Key trends in South Asia last week include: continuing clashes between supporters and opponents of the Citizenship (Amendment) Act, 2019 (CAA) leading to communal riots in India; demonstrations in Bangladesh and Pakistan against both the CAA and against the communal violence in India; and protests against the rise in prices of gas, petroleum products, and utilities in Nepal, Pakistan, and Bangladesh.
In India, clashes between supporters and opponents of the controversial CAA continued to escalate into communal riots. While violence in the capital, Delhi, subsided last week, communal clashes were reported in the northeastern states of Assam and Meghalaya, and in the southern state of Tamil Nadu. In Tamil Nadu’s Coimbatore district, a member of a Hindu religious organization was assaulted while returning from a pro-CAA rally. In retaliation a Muslim auto-driver was assaulted by a Hindu mob (New Indian Express, 6 March 2020). Mosques were vandalized in Assam’s Baksa district and Tamil Nadu’s Coimbatore. Meanwhile, in several districts of the northeast state of Meghalaya, demonstrations by indigenous and tribal groups opposing the CAA continued, at times turning violent. In South West Khasi Hills district, a mob reportedly set fire to shops rented out by members of a non-tribal community. Furthermore, two members of non-tribal communities were killed in attacks by masked attackers (Indian Express, 6 March 2020). Last week’s communal violence in the northeast erupted after a meeting on the CAA, and the demands for the Inner Line Permit (ILP) system led to clashes between tribal student activists and non-tribal villagers (Indian Express, 6 March 2020).
The CAA along with a proposed countrywide National Register of Citizens (NRC) has prompted fears and insecurity among Muslim communities nationwide and tribal communities in the northeast (Scroll, 4 March 2020). The controversial citizenship law offers amnesty and expedited citizenship to undocumented non-Muslim immigrants from three neighboring Muslim majority countries – Afghanistan, Pakistan and Bangladesh. The NRC is an official record of legal Indian citizens and requires people to produce documents relating to their ancestry in order to be enlisted as Indian citizens. Opponents of the Act argue that the CAA coupled with NRC could become a tool for exclusion and harassment of Muslim communities (New York Times, 27 February 2020). The tribal groups in the northeast fear that the Act will regularize hundreds of thousands of non-tribal residents, in particular Hindus, from neighboring Bangladesh, considerably changing the demographics of the region, burdening resources and threatening indigenous languages and culture (Economic Times, 17 December 2019). These concerns have reignited demands for the ILP system, a colonial era concept that restricts the movement of an Indian citizen to visit or stay in a state (Indian Express, 6 March 2020).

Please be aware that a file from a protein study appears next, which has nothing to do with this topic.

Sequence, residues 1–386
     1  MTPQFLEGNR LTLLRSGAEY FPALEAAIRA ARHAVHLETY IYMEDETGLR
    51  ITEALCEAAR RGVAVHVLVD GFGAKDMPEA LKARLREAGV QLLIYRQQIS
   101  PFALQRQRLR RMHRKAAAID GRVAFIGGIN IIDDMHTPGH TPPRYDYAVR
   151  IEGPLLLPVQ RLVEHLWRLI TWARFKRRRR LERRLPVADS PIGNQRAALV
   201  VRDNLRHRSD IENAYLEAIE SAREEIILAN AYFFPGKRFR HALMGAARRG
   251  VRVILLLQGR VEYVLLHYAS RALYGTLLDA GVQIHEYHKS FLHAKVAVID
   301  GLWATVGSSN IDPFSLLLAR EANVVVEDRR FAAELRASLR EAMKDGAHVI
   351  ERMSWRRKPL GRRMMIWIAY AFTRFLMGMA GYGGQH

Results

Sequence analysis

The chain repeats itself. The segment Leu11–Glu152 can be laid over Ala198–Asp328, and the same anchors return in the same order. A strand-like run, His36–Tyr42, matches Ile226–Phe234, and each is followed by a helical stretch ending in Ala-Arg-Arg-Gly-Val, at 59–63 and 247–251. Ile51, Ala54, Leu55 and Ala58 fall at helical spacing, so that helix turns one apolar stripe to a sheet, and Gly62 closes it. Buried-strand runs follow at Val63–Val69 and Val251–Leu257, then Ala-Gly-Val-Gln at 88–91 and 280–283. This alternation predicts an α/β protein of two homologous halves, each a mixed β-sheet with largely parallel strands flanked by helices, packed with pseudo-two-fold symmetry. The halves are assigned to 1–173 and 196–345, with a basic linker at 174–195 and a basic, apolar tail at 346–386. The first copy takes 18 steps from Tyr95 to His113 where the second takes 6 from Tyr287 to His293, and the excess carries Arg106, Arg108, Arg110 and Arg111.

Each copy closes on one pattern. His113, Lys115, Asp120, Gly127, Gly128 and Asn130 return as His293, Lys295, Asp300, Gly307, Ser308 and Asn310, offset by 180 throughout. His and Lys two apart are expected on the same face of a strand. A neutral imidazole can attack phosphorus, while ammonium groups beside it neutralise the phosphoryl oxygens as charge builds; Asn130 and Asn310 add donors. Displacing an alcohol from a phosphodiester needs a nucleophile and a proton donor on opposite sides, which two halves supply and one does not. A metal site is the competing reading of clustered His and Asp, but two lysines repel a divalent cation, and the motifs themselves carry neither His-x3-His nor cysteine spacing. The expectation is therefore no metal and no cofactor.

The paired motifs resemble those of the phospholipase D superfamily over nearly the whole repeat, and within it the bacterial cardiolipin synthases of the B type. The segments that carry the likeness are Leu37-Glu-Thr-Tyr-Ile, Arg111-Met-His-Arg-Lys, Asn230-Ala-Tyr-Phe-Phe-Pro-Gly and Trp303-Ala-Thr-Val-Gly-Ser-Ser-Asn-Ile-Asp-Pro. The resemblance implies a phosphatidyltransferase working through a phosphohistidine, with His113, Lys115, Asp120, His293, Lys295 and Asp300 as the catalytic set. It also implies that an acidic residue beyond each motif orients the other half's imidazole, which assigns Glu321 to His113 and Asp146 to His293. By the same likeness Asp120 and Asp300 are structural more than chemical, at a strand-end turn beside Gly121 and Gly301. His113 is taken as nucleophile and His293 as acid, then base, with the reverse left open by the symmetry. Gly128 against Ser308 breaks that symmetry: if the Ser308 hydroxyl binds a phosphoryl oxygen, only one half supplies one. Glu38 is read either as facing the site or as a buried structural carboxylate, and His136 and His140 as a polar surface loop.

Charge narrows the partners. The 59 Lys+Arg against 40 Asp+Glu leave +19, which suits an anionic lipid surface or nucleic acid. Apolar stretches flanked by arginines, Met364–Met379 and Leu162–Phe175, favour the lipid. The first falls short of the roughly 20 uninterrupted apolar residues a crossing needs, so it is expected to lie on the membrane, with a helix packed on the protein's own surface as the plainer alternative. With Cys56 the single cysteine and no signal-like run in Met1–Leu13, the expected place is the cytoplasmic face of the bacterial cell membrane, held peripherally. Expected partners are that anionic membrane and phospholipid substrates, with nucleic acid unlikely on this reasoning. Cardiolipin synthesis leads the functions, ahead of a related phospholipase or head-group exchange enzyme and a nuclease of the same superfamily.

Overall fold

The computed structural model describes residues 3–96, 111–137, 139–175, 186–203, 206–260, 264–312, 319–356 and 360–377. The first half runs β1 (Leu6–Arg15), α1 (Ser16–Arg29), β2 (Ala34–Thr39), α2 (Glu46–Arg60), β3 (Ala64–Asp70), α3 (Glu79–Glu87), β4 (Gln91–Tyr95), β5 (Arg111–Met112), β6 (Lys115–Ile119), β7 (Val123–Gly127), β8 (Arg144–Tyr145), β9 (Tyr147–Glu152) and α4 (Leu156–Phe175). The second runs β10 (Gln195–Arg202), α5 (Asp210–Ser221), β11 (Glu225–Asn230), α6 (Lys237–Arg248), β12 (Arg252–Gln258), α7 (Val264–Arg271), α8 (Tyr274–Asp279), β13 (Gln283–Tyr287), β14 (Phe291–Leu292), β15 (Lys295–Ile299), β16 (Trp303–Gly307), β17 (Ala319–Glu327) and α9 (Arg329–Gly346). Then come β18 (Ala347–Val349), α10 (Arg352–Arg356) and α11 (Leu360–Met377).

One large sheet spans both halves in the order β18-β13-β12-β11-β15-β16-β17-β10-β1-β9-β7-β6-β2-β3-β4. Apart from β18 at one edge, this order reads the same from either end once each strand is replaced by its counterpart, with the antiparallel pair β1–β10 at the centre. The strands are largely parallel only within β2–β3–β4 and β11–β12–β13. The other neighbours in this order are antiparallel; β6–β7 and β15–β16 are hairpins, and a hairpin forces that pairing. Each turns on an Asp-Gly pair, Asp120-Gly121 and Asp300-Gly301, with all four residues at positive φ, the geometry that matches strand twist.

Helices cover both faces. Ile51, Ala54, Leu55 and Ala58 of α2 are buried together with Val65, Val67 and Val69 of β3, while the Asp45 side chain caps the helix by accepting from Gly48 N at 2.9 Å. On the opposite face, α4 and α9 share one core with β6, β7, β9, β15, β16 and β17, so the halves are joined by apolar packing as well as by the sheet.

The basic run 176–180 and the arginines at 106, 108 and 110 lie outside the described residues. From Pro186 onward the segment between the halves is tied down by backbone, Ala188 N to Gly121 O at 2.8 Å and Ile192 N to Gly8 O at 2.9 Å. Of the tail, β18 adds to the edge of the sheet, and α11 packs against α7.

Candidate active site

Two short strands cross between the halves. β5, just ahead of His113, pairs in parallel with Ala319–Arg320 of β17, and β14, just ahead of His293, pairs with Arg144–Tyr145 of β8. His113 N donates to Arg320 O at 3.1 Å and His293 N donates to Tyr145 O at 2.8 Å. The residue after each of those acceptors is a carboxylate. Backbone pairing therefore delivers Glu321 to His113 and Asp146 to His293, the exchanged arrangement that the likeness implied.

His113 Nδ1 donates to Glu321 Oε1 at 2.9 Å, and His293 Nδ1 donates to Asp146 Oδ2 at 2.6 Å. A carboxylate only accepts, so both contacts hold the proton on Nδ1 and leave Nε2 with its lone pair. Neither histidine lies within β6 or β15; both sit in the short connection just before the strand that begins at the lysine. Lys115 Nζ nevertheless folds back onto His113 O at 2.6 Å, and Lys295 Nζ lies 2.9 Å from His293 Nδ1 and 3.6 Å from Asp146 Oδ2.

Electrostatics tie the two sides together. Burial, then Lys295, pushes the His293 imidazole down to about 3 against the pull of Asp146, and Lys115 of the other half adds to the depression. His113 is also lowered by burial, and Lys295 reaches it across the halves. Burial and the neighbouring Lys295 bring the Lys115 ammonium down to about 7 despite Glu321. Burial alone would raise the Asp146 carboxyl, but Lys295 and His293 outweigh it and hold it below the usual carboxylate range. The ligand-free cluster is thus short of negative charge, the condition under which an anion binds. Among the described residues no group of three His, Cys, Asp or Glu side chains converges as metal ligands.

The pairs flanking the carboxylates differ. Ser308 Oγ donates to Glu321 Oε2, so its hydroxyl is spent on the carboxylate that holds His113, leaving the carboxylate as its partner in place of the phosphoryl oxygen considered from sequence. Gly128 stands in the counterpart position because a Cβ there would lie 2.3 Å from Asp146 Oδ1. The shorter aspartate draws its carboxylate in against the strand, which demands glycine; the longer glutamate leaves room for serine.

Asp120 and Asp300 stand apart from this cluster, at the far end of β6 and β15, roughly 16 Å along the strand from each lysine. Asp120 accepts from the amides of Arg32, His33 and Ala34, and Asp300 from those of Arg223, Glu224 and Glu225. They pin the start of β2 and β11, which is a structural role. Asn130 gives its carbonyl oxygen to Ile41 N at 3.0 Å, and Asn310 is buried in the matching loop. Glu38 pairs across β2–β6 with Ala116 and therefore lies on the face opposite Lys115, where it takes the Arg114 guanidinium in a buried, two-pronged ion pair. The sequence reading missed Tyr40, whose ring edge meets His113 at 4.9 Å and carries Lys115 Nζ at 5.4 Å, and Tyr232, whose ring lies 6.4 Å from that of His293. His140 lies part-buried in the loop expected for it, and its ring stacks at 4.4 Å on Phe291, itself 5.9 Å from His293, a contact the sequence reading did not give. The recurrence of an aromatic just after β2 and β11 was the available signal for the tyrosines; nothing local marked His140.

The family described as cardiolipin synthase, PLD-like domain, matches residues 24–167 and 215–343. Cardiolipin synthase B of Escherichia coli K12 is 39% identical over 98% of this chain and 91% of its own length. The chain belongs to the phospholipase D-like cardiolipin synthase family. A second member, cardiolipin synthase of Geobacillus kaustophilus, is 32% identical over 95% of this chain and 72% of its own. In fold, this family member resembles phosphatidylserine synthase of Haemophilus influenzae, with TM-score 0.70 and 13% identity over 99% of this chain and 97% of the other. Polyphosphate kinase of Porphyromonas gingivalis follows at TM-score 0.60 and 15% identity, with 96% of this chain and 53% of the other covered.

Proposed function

In Muslim majority Bangladesh and Pakistan, demonstrations continued both against the CAA and against violence targeting the Muslim community in India. In Bangladesh, demonstrations were held in the capital, Dhaka, and in several divisions, including Rangpur and Mymensingh, where several thousand Muslims demanded cancellation of Indian Prime Minister Narendra Modi’s impending visit to Bangladesh (Dhaka Tribune, 2 March 2020). Similarly, members of religious parties, students, and journalists held demonstrations in Pakistan’s Sindh province condemning the attacks on mosques and violence against Muslims in India.
In other developments, demonstrations against inflation and the rise in prices of utilities were reported in multiple countries in South Asia. In Bangladesh, political parties, including the opposition Bangladesh Nationalist Party (BNP), held several protests against the rise in power and water tariffs. In Pakistan, Jamaat-e-Islami (JI), an Islamist political party, held statewide protests against inflation. Similarly, in Nepal, the Nepal Students’ Union (NSU) — who is affiliated with the Nepali Congress, and opposition party — held nationwide protests against the hike in petroleum prices.
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